France: Killed teacher’s pupils handed over to judge amid probe

Pupils who identified Samuel Paty to the attacker before gruesome killing among those investigated.

People attend a silent march to pay tribute to Samuel Paty in Paris on October 20. The slogan reads 'Love for all, hatred for no one' [Lucien Libert/Reuters]
People attend a silent march to pay tribute to Samuel Paty in Paris on October 20. The slogan reads 'Love for all, hatred for no one' [Lucien Libert/Reuters]

Seven people, including two minors, were handed over to a judge overnight as part of an ongoing investigation into Friday’s murder of French teacher Samuel Paty, an official from the anti-terrorist prosecutor’s office said.

The grisly killing, in which an 18-year-old of Chechen origin beheaded Paty in broad daylight outside his school in a middle-class Paris suburb, has left the country reeling.

President Emmanuel Macron will posthumously award Paty the Légion d’honneur, France’s highest civil distinction, in a ceremony on Wednesday.

Meanwhile, Interior Minister Gerald Darmanin has called on people to stop attacking mosques in the aftermath of the killing, writing on Twitter: “Such acts are unacceptable on the soil of the Republic.”

People gather at the Place de la Republique in Paris to pay tribute to Samuel Paty [File: Charles Platiau/Reuters]
After the killing on Friday, police shot the attacker dead by the school.

Investigators say the teenager was angered by his victim showing caricatures of the Prophet Muhammad – previously published by a satirical magazine – in a class on freedom of expression. Muslims believe that any depiction of the Prophet is blasphemous.

A school parent had posted a video online, accusing the teacher of showing naked pictures of the Prophet in class. He was among the seven presented to the judge.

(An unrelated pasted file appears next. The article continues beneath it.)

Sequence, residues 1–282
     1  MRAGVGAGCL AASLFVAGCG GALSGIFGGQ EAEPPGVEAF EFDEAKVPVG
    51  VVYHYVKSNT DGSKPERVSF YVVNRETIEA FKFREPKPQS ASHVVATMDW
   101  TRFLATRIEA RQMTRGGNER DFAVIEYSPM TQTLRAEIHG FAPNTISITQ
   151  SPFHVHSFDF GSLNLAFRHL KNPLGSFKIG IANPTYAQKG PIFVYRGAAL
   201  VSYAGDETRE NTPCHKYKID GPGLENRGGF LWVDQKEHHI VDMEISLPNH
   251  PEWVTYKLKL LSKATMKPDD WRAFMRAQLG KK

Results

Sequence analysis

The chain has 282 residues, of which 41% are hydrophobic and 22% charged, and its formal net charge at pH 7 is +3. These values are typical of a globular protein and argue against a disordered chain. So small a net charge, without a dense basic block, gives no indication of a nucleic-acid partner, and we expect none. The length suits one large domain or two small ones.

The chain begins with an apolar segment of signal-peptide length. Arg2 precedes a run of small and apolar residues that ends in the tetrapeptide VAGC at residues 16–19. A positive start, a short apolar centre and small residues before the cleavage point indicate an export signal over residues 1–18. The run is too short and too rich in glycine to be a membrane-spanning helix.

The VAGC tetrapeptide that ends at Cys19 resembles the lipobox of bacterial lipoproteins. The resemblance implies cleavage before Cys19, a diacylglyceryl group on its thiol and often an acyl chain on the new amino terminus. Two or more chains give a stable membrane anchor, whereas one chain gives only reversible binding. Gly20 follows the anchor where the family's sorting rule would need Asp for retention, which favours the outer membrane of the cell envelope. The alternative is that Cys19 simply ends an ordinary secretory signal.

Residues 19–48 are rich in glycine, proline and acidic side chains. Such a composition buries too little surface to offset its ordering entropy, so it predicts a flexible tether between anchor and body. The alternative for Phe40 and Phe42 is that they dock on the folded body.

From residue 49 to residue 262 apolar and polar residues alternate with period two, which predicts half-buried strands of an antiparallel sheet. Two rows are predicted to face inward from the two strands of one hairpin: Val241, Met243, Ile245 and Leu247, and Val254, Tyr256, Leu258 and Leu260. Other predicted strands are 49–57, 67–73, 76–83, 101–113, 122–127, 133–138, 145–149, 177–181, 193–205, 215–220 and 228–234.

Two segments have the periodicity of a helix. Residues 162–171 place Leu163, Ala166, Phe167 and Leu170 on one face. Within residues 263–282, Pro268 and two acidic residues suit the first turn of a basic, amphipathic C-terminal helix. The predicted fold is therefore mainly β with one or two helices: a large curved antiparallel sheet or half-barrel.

Richard Ferrand, speaker of the lower house of parliament and a former teacher, told BFM television that parents should “stay out of schools and leave teachers alone. One must hand back full authority to the teachers”.

Prosecutors say the attacker approached pupils outside the school asked them to identify Paty as he left for home.

Two of those pupils were among those presented to the judge, as was Abdelhakim Sefrioui from the Cheikh Yassine Collective, whose closure could be decided later in the day by the French cabinet.

Macron and other top officials, including the interior minister, have promised an intensified crackdown on Muslim organisations they find to be spreading hate.

On Tuesday, France closed a mosque that shared a video on its Facebook page before the attack that condemned Paty and shared his address; the mosque later apologised.

Interior Minister Darmanin said this week that France was being confronted by an “enemy within”.

There are rising concerns about the possibility of collective punishment being meted out in France’s response to Paty’s killing.

Darmanin has threatened to close the Collective against Islamophobia in France, an anti-racist civil society group, prompting concerns from activists.

“We are concerned by the political pressures, at the highest level of the French government, and intimidation campaign targeting a human rights organisation whose work is to address discrimination and hate crimes against Muslim citizens,” said the European Network Against Racism.

The murder, which has provoked a series of protests, carried echoes of the attack five years ago on the offices of satirical publication Charlie Hebdo, after the magazine published the cartoons of Prophet Muhammad.

French regional newspaper La Nouvelle Republique has received threats on social media after it published a caricature of the Prophet Muhammad on its front page, one of its journalists said on Wednesday.

Source : Al Jazeera and News agencies

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